This chain offers a twist on frozen yogurt stands, substituting frozen kefir, the cultured milk product Starfruit describes as the “lighthearted love child of taste and nutrition.” It’s available by the cup, with add-ins ranging from goji berries to mochi balls to Cocoa Pebbles, or in fruit parfaits and smoothies. You can also opt for frozen organic kefir, and Starfruit uses all-biodegradable packaging. There’s a second location at 2142 N. Halsted (773-868-4900). —Kate Schmidt

Tastee Freez
2815 W. Armitage | 773-507-7477

11 AM-11 PM daily

At this Logan Square institution owner Tony Zarcone dispenses plenty of, yes, cones. He touts his soft-serve ice cream (vanilla, chocolate, twist) as being 97 percent fat free, and it might be a good idea to cut some calories considering the rest of the fare: quarter-pound burgers, cheese fries, funnel cakes, and a deep-fried Polish, an innovation Zarcone is particularly proud of. Friendly kids staff the counter, and a baby cone goes for a mere 75 cents. —Kate Schmidt

Treats Frozen Desserts
2224 N. Clark | 773-472-6666

2 PM-10 PM Monday-Thursday, 11 AM-10 PM Friday-Sunday

For people who want to have their ice cream and eat it too, the soft-serve ice milk here is low calorie, low cholesterol, and 99 percent fat free—but more than 30 mix-ins like Oreo crumbles, gummy bears, and granola are available for a premium. The frozen concoction comes in four flavors: chocolate, vanilla, and specials from a rotating list of more than 50. —Kiki Yablon

Ventrella’s Caffe
4947 N. Damen | 773-506-0708

10 AM-8 PM Monday-Friday, 10 AM-7 PM Saturday, 10 AM-5 PM Sunday

James Ventrella modeled his homey Ravenswood cafe on the restaurants and shops he visited as a child in Chicago’s Italian neighborhoods. “I wanted to pick up a store from Harlem Avenue in, like, 1950 and just drop it here on Damen,” he says. Hence the many vintage pieces, such as a sink from a 1930s-era Pullman railroad car and a fridge from the mid-50s. Even the mint in the iced tea is vintage of a sort—Ventrella gets it from his mom, who transplanted it from a garden that her father planted 80-some years ago. His other offerings include Lavazza coffee and espresso, panini (Gorgonzola with pear; prosciutto with provolone and green apple; and the Ventrella, a caprese with provolone and giardiniera), soups, and baked goods, many made by Ventrella’s aunts. But don’t miss the gelato and sorbetto, crafted by a small-batch artisan in Michigan in flavors like chocolate espresso bean, stracciatella (vanilla ribboned with chocolate), and pistachio. The last is “kind of an old-guy flavor,” Ventrella says. “But even the kids ask for it.” —Anne Ford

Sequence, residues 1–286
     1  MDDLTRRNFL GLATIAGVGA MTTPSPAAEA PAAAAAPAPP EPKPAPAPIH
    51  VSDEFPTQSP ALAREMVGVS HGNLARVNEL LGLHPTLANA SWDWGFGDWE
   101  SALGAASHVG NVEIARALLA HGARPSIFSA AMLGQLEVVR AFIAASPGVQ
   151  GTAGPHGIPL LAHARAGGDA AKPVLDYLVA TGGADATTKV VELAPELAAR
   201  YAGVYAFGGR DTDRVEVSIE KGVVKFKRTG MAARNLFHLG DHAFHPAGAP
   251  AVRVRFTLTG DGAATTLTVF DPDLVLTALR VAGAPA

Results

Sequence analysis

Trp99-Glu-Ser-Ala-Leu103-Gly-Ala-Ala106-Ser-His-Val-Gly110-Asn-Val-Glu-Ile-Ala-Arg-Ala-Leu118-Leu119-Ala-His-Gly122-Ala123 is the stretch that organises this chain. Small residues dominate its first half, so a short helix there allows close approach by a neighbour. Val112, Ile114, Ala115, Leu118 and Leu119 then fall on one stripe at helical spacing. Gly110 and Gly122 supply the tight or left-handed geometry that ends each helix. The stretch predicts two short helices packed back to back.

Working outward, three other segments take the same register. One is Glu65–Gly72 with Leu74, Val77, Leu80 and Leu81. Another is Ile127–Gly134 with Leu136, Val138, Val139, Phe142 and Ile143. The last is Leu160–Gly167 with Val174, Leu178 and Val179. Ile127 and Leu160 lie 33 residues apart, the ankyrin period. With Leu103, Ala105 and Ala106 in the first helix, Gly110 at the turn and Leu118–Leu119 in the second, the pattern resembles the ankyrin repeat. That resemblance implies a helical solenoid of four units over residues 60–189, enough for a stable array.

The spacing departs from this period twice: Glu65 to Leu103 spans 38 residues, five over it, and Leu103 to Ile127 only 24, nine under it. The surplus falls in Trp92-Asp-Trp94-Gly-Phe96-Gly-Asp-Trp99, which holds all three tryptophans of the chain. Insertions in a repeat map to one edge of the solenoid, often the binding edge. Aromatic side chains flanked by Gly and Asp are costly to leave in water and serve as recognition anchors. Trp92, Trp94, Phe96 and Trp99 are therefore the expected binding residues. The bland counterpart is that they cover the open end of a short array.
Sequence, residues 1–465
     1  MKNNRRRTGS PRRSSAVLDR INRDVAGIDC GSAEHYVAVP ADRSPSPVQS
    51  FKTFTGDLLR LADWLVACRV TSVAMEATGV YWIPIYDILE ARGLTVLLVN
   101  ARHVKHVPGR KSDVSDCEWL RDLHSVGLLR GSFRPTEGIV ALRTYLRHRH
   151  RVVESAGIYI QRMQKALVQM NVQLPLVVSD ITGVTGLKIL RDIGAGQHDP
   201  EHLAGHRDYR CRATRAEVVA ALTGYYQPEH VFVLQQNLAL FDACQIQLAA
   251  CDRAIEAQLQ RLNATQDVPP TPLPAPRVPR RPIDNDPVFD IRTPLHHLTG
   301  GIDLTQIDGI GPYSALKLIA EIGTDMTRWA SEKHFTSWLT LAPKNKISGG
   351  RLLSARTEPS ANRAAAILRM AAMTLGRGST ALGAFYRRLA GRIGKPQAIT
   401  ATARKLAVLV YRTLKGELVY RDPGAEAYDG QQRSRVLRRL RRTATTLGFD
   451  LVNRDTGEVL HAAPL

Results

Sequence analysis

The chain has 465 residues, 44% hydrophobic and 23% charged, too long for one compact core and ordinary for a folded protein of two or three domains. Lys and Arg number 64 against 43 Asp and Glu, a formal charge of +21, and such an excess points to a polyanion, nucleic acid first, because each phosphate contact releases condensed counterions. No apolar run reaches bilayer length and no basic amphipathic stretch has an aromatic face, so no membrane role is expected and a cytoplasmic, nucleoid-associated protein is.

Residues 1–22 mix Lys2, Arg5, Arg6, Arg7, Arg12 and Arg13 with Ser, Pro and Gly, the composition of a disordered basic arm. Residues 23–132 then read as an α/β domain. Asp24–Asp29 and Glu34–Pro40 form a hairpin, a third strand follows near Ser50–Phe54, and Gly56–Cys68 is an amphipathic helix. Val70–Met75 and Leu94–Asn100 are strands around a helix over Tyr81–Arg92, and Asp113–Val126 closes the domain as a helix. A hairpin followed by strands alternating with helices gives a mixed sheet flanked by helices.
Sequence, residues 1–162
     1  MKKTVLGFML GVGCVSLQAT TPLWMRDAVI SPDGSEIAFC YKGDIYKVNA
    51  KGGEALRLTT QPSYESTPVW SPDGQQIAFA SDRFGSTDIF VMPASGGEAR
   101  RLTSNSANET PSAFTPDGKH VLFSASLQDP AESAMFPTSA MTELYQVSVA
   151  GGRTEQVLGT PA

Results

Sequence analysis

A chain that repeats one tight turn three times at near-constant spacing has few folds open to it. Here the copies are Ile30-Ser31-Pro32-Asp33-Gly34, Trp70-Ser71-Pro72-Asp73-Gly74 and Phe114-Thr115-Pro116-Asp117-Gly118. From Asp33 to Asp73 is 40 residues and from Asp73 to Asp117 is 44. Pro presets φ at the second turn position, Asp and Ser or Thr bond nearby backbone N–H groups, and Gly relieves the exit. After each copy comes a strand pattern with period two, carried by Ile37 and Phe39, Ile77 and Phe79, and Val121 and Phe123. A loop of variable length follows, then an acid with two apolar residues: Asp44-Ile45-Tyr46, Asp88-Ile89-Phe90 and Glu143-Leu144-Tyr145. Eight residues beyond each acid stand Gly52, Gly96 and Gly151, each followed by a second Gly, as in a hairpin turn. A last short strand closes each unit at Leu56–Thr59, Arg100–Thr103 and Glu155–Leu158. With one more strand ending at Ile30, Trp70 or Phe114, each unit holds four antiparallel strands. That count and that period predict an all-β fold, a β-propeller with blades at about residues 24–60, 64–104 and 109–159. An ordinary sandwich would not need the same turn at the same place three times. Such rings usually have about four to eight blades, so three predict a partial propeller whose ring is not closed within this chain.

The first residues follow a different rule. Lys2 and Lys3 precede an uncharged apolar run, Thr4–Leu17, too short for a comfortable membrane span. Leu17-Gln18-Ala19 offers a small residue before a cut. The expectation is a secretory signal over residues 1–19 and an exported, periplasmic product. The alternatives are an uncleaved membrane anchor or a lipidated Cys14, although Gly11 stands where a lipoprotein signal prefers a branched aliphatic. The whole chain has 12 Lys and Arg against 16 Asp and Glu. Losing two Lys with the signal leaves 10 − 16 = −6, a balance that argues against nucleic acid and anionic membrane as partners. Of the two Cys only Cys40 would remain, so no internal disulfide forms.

Village Creamery
4558 Oakton, Skokie | 847-982-1720

11 AM-10 PM daily

Outside there’s nothing to indicate this storefront carries anything more thrilling than Baskin-Robbins, but the menu’s filled with uncommon homemade Filipino ice creams. Among the many startling flavors are two coconut-based varieties, corn, avocado, purple yam, jackfruit, ginger, lychee, and, most flamboyantly, halo-halo, a hash of red and white beans, sugar palm, Jell-O bits, coconut, and Rice Krispies based on the popular Filipino dessert. Many flavors, like a pale green soother made from pandan leaves and large hunks of coconut, are lightly sweetened, letting the tropical elements do the talking. Village Creamery also makes fruit sorbets and shaved ices. There’s a second location at 8000 Waukegan, Niles (847-965-9805). —Mike Sula

Windy City Sweets
3308 N. Broadway | 773-477-6100

11 AM-11:15 PM daily

Come for the ice cream, stay for the homemade candy. Or is it the other way around? It’s hard to resist trying both at this Lakeview sweets shop. The 32 flavors of ice cream (supplied by a dairy farm in Iowa) include Moose Tracks, vanilla with swirls of chocolate and peanut butter, and Birthday Cake, a rich blend of “Funfetti” cake and white butter-cream frosting. It’s a bit pricey (nearly $5 for two scoops), but portions are enormous. Lighter options like sugar-free butter pecan and several fat-free yogurts are available to ease your guilt about sampling the store’s colossal candy selection: truffles, chocolate-covered pretzels and s’mores, and several seasonal varieties of fudge beckon from beneath shiny glass cases. Don’t miss the Windy City Crunch, Rice Krispies and peanuts held together with white chocolate and peanut butter. —Sarah Sumadi

Please submit new listings or updates (include phone numbers) to or Restaurant Listings, Chicago Reader, 11 E. Illinois, Chicago 60611.